Heron at Port Talbot

Q. Explore the poetic ways in which Clarke explores the relationship between animals and humanity.

The poem “Heron at Port Talbot” is written by the much celebrated welsh poet Gillian Clarke. In the poem, Clarke describes  an incident where she almost collides with a heron near an old declining town in south Wales. She is extremely moved by the moment and describes it to be both beautiful and frightening. She efficaciously uses diction, imagery, and describes the theme of Nature vs Industrialisation to throw light on the relationship between animals and humanity.

Clarke uses diction to make the poem more enriching for the reader and to shed light upon the relationship between animals and humanity.She repeatedly uses “we” to describe herself and the bird and thus depicts both humans and animals to be one entity and to elucidate how both are dependent on one another. She uses “we”  in the phrase “we bank” to show how the “near collision” had an equal impact on both Clarke and the bird and how both of them were equally shocked and startled by it. She also employs the pronoun in the phrase “We might have died” to show how Clarke looked for the best interest of the bird and would’ve been hurt any harm were to come to the bird. This reflects the intimacy and attachment she feels towards the Heron. She also uses a juxtaposition in the phrase “shocking intimacy”. The word “shocking” shows how both Clarke and the bird were equally surprised by this unanticipated encounter. This phrase perfectly portrays how even though she was startled by the unforeseen meeting, she in that instant, clearly felt close to the creature both physically and mentally. She reiterates upon this intimacy between man and animal by repeating this idea in the phrases “near” and “almost”. She further shows how this split second of affinity would forever leave an impression in her mind just like “animal tracks that cross in snow”. The usage of the words like “force”, “bank” and “pressure” depict the power and sheer strength of the bird and show how Clarke was awed by it.

Throughout the poem, the reader can notice the predominant theme of Industrialisation Vs Nature. Clarke has used to it show the erratic relationship that exists between humanity and animals. She describes the Heron to be a “surveyor” who is seen to be examining the “old workings” and since throughout the poem, nature is seen to be overshadowing mankind, the impression that the Heron wants to inhibit the area  shows that the natural order of things was disturbed due to Human activities. This shows that even though man and nature have a grudging admiration for one another, one always overshadows the other. This is perfectly shown in the phrase “sand under snow” where the writer expresses how the industry and machinery of the town was concealed and dominated by nature.

Clarke also uses imagery throughout the poem to throw light on the relationship between animals and humanity. She uses the phrase “His living eye”, this shows the physical and mental intimacy she felt during the encounter. This slow motion imagery shows how Clarke was instantly able to peer into the bird’s soul and forge a bond with the Bird. This bond was not possible with the dead and lifeless machinery which highlights the special bond humans share with animals. Furthermore, Clarke emphasis on this slow motion imagery for the moment of the “near collision” as she transforms the “steel of the wind” into “air”. This shows how the senses of the reader stopped working simultaneously as she forgets all about the biting cold and absorbs the beauty of the moment. This further shows how the very motion of the air stopped and transforms the moment into something magical. This is almost as though this encounter was not mere chance but was rather meant to happen as human, animal and nature all intersect at this moment. This can be seen when she describes this “inter-section” where she illustrates the wind to have “interrupting(ed)” the snow. This shows again shows how the moment was more than an everyday occurrence and was rather majestic and almost supernatural. This reiterates the deep-seated relationship that humans have with animals and nature. This is contradicted when she mentions the “broken rhythm of blood” which could probably be the irregularities in her heartbeat due to the anxiety of the encounter.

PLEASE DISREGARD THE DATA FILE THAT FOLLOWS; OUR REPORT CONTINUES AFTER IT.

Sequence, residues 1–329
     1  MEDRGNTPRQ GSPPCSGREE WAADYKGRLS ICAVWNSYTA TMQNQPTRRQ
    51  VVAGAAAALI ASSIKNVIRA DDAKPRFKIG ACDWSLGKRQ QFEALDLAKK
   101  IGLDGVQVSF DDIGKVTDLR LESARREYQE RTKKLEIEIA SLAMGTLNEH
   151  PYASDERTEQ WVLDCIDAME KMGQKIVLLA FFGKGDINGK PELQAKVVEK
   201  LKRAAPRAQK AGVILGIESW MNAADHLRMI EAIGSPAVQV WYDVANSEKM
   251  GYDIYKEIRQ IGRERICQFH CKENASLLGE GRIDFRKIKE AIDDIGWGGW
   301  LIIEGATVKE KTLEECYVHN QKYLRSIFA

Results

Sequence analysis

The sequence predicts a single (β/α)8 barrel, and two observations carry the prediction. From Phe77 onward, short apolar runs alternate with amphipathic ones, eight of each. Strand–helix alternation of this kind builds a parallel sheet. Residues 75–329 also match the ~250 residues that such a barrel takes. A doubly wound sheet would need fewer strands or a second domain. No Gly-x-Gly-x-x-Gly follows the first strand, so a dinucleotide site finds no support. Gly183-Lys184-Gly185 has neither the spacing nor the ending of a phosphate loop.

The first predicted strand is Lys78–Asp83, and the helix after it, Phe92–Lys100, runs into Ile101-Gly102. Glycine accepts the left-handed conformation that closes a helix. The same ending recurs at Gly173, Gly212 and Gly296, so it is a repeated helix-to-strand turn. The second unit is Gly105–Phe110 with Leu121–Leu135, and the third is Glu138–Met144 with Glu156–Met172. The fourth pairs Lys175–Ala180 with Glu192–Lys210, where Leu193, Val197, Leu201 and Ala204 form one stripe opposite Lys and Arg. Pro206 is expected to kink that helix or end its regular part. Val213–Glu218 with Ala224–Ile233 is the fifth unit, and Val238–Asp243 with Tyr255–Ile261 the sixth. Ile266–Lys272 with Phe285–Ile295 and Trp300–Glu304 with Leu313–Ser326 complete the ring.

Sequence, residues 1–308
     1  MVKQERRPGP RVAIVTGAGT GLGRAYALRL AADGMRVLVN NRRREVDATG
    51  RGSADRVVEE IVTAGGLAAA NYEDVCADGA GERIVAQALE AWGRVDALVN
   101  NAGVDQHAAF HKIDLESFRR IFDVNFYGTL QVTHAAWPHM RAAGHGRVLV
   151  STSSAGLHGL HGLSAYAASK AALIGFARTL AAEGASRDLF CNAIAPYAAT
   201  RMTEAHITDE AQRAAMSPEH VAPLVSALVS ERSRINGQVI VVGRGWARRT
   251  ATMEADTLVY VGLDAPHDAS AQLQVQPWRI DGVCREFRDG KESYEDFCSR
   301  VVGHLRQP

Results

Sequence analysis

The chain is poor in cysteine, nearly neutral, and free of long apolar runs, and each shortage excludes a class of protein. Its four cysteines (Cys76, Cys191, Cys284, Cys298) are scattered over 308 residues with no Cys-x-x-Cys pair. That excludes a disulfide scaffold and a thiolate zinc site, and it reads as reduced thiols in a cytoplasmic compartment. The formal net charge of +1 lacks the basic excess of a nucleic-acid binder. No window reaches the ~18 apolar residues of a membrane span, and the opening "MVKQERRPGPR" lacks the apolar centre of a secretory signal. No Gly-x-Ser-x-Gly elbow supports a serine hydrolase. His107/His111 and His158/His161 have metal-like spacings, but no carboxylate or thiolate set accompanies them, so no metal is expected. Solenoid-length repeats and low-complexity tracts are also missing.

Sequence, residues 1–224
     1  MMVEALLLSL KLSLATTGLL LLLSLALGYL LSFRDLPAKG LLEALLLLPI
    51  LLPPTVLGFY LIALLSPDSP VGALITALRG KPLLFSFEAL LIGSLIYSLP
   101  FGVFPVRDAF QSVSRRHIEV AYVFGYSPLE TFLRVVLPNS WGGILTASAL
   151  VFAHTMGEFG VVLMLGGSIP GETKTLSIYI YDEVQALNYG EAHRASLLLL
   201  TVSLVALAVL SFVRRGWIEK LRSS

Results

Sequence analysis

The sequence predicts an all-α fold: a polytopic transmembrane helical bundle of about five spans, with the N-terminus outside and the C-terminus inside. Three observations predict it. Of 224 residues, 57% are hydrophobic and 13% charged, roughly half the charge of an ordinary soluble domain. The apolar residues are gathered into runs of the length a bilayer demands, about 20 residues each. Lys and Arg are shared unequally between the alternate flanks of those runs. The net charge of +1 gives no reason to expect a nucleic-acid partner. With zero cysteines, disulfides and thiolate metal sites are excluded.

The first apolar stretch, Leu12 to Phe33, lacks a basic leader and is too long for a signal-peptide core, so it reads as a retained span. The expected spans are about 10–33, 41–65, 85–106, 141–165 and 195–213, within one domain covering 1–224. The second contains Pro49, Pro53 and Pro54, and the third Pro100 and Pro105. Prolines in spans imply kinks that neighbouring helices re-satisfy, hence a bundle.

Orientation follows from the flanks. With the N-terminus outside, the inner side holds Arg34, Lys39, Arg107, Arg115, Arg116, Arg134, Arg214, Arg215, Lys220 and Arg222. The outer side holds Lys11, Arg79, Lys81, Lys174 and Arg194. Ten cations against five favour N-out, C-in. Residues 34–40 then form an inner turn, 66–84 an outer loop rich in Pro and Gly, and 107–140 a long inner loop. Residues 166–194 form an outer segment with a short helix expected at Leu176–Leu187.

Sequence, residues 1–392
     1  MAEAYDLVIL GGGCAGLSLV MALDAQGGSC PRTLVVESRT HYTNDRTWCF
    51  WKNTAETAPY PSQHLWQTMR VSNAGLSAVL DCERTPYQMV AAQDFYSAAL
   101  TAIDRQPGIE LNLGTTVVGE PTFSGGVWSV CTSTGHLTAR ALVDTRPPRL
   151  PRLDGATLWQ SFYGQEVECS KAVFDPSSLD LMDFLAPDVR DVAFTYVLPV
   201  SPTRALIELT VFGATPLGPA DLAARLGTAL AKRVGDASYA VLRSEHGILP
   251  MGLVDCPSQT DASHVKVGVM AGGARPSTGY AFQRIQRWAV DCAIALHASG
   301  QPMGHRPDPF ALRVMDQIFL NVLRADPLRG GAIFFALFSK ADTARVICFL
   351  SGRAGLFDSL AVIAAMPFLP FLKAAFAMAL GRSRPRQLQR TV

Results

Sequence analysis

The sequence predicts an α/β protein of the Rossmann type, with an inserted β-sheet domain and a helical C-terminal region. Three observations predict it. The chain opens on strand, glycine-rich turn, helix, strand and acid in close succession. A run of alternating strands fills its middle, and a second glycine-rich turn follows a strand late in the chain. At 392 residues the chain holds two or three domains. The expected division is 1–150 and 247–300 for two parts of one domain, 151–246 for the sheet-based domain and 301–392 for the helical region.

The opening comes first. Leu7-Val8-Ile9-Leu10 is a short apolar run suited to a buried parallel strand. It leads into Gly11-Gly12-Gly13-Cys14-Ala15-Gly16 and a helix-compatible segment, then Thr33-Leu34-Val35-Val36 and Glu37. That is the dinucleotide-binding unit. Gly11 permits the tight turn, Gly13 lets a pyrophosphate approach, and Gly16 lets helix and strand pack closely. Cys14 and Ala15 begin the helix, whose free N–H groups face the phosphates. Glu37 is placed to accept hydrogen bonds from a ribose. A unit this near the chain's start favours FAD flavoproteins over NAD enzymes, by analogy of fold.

Throughout the poem, Clarke uses an extremely effective writing style which by the end of the poem gives an impression of a conflict between nature and industry and in connotation, between man and animals. She makes the reader believe that in such a conflict, only one of the two could come out on top. By using extremely negative and death imagery to describe the industry and extremely powerful and majestic imagery to describe nature, Clarke brings out the contrast between the two and makes Nature as the obvious choice, thus effectively swaying the reader to her point of view. Furthermore before the “near collision”, Clarke bewilders the reader by using the word “warning”, probably to foreshadow the encounter, but as the word holds negative connotations, one would expect something unwelcoming to take place.However, by describing the moment to be beautiful and sublime Clarke causes a dramatic shift in tone which causes the descriptions of industry and nature to stand out.

Thus by using imagery, diction and by exploring the theme of the poem, Clarke explores the relationship between animals and humanity.


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